WASHINGTON, D.C. -- A massive solar storm hitting Earth today that may affect power grids, airplane routes and space-based satellite navigation systems could also intensify the Northern Lights.
"The CME (coronal mass ejection - a cloud of charged particles ejected from the sun by the strong solar flare) hit the Earth's magnetosphere about 3 a.m. this morning," said KING 5 Meteorologist Rich Marriott. "It doesn’t appear to me as strong as originally expected. So far it is only producing a moderate geomagnetic storm. This makes significant aurora (lights) less likely over Washington."
Marriott says even if the aurora does occur, increasing clouds Thursday night will make it harder to see the show.
"The best place to see aurora is a spot with clear, dark skies - so the farther away from city lights the better - and of course fewer clouds!" said Marriott.
One of the largest solar storms in the last five years is hitting Earth Thursday. It's expected to shake the globe's magnetic field while intensifying aurora displays (also known as the northern and southern lights), according to space weather scientist Joseph Kunches, of the National Oceanic and Atmospheric Administration (NOAA).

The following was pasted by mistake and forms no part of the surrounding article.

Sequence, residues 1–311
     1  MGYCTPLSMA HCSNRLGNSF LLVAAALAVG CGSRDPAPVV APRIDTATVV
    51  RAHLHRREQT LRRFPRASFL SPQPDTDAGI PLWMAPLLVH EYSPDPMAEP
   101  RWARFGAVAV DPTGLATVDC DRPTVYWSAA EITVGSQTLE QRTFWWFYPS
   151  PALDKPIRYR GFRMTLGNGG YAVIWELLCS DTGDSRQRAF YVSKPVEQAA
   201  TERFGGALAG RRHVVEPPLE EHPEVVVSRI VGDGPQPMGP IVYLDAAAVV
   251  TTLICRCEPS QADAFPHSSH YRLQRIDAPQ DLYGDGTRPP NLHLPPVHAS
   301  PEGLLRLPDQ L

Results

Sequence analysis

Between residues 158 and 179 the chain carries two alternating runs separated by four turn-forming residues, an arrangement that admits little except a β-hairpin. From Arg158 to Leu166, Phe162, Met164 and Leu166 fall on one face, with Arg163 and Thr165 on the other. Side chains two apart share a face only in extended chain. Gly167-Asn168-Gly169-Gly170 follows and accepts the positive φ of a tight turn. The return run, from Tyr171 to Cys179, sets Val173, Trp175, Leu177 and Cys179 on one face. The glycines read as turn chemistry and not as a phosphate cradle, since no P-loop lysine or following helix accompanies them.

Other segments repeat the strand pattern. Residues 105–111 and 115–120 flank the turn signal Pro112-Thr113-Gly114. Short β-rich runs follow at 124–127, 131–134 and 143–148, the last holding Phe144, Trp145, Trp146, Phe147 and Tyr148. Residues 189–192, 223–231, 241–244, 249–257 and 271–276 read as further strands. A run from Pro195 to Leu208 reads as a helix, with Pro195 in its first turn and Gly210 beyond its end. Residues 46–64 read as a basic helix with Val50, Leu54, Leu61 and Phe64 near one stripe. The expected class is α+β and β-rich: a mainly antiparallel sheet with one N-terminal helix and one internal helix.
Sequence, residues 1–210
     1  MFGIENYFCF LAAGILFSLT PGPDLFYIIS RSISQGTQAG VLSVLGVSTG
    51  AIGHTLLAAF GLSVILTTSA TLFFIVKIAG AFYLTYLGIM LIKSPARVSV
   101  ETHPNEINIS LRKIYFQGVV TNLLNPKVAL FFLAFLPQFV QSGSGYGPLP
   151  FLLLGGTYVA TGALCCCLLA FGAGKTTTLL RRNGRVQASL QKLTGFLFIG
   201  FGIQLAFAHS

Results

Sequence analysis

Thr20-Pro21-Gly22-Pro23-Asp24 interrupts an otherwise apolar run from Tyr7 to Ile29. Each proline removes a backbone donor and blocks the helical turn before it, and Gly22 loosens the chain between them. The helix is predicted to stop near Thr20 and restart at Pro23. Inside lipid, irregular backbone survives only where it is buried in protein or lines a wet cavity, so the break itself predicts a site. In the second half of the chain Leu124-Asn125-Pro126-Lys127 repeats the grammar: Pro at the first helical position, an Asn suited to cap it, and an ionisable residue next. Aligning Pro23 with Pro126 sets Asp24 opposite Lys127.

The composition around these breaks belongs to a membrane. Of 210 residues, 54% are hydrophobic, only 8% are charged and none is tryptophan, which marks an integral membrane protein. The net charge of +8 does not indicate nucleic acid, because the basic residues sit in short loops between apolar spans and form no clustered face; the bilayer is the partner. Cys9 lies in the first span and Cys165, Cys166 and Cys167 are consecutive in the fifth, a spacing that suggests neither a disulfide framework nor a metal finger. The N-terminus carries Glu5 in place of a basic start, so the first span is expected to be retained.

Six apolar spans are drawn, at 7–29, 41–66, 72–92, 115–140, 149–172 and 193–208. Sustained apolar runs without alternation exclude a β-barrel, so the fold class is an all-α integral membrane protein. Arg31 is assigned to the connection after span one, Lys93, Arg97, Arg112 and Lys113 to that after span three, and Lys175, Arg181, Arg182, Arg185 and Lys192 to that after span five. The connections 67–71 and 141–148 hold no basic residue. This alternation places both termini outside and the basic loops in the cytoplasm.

"Auroras are probably the treat that we get when the sun erupts," Kunches told Space.com.
Scientists say the storm started with a giant solar flare earlier in the week and grew as it raced outward from the sun, expanding like a giant soap bubble. The massive cloud of charged particles could disrupt utility grids, airline flights, satellite networks and GPS services, especially in northern areas.
Astronomers say the storm is part of the sun's normal 11-year cycle, which is supposed to reach peak storminess next year. Solar storms don't harm people, but they can disrupt technology.
Officials say North American utilities are monitoring for abnormalities on their grids and have contingency plans.